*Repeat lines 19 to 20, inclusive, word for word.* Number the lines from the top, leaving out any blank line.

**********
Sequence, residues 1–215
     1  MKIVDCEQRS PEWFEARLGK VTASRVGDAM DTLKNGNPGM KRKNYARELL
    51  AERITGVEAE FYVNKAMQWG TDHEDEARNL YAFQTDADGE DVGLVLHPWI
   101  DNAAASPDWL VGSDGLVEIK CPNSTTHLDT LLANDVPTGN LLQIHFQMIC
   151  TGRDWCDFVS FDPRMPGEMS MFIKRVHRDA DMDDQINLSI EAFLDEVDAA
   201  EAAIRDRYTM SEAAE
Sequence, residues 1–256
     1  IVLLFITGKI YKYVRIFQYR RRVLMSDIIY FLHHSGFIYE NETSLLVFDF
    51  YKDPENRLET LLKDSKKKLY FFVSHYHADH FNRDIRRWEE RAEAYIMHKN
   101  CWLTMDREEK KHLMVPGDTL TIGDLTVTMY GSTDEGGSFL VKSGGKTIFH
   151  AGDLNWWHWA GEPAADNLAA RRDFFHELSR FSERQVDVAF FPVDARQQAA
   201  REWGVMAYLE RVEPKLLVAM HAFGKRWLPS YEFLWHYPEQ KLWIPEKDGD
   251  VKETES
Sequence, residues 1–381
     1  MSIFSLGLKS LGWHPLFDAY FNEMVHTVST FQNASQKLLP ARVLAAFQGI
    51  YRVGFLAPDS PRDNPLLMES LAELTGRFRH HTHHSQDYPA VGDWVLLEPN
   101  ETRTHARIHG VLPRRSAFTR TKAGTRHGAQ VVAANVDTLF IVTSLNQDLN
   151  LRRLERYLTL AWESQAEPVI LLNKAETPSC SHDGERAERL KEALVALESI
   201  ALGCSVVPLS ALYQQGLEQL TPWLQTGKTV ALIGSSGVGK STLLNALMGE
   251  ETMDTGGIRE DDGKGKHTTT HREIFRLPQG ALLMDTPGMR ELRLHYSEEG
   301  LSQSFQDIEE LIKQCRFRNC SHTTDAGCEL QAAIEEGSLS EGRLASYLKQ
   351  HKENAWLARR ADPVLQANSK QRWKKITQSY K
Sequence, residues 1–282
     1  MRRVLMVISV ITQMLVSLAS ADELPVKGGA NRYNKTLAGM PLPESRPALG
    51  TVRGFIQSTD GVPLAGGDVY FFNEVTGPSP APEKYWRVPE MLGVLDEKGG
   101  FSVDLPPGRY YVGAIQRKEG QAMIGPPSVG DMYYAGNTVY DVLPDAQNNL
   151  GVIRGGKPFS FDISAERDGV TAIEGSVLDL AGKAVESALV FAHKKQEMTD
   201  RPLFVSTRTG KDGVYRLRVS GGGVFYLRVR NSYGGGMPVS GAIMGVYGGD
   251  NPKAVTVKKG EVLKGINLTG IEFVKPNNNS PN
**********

   201  ALGCSVVPLS ALYQQGLEQL TPWLQTGKTV ALIGSSGVGK STLLNALMGE
   251  ETMDTGGIRE DDGKGKHTTT HREIFRLPQG ALLMDTPGMR ELRLHYSEEG